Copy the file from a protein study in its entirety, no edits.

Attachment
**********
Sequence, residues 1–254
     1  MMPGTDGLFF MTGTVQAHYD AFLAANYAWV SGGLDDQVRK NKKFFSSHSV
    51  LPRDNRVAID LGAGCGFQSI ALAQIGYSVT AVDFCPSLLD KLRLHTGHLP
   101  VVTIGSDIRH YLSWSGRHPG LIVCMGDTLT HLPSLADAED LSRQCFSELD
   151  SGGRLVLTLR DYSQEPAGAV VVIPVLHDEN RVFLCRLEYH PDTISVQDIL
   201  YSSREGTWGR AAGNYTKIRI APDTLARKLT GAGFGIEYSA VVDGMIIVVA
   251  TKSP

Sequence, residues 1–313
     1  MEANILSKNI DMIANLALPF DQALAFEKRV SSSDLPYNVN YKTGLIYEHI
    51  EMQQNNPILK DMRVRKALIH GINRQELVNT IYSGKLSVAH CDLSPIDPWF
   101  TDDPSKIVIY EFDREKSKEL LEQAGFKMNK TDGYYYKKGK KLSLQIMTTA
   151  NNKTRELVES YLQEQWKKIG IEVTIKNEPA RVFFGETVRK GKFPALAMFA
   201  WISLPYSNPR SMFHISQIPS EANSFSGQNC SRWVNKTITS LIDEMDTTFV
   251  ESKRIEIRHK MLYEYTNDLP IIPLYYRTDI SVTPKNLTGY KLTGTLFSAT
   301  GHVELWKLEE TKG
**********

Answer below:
Sequence, residues 1–254
     1  MMPGTDGLFF MTGTVQAHYD AFLAANYAWV SGGLDDQVRK NKKFFSSHSV
    51  LPRDNRVAID LGAGCGFQSI ALAQIGYSVT AVDFCPSLLD KLRLHTGHLP
   101  VVTIGSDIRH YLSWSGRHPG LIVCMGDTLT HLPSLADAED LSRQCFSELD
   151  SGGRLVLTLR DYSQEPAGAV VVIPVLHDEN RVFLCRLEYH PDTISVQDIL
   201  YSSREGTWGR AAGNYTKIRI APDTLARKLT GAGFGIEYSA VVDGMIIVVA
   251  TKSP

Sequence, residues 1–313
     1  MEANILSKNI DMIANLALPF DQALAFEKRV SSSDLPYNVN YKTGLIYEHI
    51  EMQQNNPILK DMRVRKALIH GINRQELVNT IYSGKLSVAH CDLSPIDPWF
   101  TDDPSKIVIY EFDREKSKEL LEQAGFKMNK TDGYYYKKGK KLSLQIMTTA
   151  NNKTRELVES YLQEQWKKIG IEVTIKNEPA RVFFGETVRK GKFPALAMFA
   201  WISLPYSNPR SMFHISQIPS EANSFSGQNC SRWVNKTITS LIDEMDTTFV
   251  ESKRIEIRHK MLYEYTNDLP IIPLYYRTDI SVTPKNLTGY KLTGTLFSAT
   301  GHVELWKLEE TKG